The Leading Lady locked though the entrance to the river and spent an hour or so on Lake Michigan.  It was a perfect night – brisk, but not so cold that you couldn’t stand up on deck and nurse a Sam Adams.  The cloud cover reflected the lights of the city, wrapping the downtown towers in a canopy of diffused light that did not obscure the sharpness of the brilliantly lit city.

It was kind of magic; it felt darned good to be where I was and where I am.
It’s a far different place than it was in the old days, a hundred or more years ago when smoke belched from the chimneys of a thousand buildings running on coal.  Boilers exploded with regularity, scalding, maiming and killing dozens.

A hundred thousand horses or more clopped over cobblestone streets, requiring a huge force of street sweepers to tidy up after them each day.  Scores of coal-fired freight and passenger trains moved within blocks of the center of the city each day, whistles screaming and smokestacks belching clouds of black smoke.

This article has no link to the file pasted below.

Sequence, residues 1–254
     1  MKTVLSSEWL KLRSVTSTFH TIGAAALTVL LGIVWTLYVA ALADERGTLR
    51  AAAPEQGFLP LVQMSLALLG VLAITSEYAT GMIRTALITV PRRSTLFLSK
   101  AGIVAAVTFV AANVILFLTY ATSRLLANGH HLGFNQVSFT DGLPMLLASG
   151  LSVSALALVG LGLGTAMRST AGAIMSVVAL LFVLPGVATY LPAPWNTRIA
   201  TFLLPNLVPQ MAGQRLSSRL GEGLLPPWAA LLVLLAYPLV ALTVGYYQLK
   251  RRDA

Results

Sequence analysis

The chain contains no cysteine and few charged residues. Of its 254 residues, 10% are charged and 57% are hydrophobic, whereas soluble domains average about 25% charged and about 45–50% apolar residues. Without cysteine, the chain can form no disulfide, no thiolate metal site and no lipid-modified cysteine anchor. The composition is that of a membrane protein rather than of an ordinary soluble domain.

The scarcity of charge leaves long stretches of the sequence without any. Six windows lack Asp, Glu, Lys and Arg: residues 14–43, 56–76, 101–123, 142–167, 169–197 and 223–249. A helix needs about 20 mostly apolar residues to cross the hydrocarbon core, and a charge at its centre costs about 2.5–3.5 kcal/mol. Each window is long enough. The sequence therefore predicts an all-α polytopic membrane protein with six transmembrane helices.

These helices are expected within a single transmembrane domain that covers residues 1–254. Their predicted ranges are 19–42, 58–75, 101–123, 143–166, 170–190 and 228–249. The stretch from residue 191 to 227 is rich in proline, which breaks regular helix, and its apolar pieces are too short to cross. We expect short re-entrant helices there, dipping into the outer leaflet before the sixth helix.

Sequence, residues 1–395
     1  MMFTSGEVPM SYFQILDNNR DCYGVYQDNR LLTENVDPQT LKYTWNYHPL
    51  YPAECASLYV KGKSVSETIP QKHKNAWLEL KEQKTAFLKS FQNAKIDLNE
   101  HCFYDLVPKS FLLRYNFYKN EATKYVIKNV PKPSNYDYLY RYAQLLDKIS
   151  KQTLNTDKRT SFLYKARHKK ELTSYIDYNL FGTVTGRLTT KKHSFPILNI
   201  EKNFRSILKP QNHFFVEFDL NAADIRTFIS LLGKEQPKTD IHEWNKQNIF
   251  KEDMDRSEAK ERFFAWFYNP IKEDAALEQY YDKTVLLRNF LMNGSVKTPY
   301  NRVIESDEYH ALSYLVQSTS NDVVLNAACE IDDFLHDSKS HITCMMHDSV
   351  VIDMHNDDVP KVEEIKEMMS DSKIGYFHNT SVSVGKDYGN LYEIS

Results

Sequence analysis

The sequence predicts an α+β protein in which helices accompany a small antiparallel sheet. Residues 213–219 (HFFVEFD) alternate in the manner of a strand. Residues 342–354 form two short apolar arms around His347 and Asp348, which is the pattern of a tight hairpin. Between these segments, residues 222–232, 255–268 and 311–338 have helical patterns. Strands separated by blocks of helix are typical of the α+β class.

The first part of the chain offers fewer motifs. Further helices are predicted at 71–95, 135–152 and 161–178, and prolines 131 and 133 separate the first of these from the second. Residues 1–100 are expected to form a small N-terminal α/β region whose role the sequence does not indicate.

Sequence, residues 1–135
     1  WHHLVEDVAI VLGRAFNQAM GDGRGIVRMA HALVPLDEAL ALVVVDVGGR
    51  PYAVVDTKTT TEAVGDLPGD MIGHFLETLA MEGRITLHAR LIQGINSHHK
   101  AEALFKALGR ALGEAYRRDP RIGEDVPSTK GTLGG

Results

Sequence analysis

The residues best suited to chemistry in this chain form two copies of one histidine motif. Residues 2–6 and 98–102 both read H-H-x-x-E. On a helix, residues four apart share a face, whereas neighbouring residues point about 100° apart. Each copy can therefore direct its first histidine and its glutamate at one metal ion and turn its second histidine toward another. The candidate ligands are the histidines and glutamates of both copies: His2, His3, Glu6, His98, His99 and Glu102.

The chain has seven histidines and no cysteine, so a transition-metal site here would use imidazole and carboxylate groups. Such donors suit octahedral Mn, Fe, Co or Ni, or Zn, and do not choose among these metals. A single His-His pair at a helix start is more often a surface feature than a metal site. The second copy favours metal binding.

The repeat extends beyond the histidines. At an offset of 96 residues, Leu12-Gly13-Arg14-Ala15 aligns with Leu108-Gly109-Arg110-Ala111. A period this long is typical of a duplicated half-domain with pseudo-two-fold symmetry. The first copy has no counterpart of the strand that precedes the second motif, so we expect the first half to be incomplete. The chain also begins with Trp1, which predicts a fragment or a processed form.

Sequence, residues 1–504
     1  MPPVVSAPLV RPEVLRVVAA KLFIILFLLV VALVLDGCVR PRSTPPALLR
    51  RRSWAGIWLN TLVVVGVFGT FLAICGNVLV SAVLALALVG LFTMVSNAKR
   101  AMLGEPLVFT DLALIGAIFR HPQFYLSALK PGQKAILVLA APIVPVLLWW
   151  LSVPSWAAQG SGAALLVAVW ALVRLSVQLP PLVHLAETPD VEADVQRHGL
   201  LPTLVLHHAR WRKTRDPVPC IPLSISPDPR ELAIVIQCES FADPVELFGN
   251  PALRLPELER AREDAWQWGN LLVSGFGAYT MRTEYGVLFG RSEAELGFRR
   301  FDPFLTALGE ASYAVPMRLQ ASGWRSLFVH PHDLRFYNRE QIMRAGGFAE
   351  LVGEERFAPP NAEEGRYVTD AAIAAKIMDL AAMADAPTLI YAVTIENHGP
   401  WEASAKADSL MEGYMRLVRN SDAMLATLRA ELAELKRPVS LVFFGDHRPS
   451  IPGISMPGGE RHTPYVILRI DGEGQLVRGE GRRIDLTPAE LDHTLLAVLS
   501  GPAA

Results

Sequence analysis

And, of course, there was the river, stinking in the summer, sluggish all year long, at times running red into the lake as it carried the waste of the tanneries, distilleries, packing houses, and gas companies that lined its banks.

On this date in 1902 the members of the City Council, unable to make a dent in all of the chaos, drew the line at steamboat whistles.  “Frantic blowing of discordant steamboat whistles is under the ban in Chicago river.  Tug captains and commanders of vessels passing up and down the stream must, according to an order from the city hall, make their bridge signals short and repeat them only in case accident is impending.”  [Chicago Tribune, October 31, 1902]

John McCarthy, the city’s Harbor Master, along with his deputies, were given orders to arrest all violators of the rule and charge them with disorderly contact.  There was further talk of regulating the size of the whistles that boats used.

It wasn’t much, but it was something. 

Wednesday, October 29, 2014

Mies van der Rohe sued -- October 29, 1951

Farnsworth House (
In his 1974 book Mies van der Rohe at Work Peter Carter wrote of Farnsworth House in Plano, Illinois: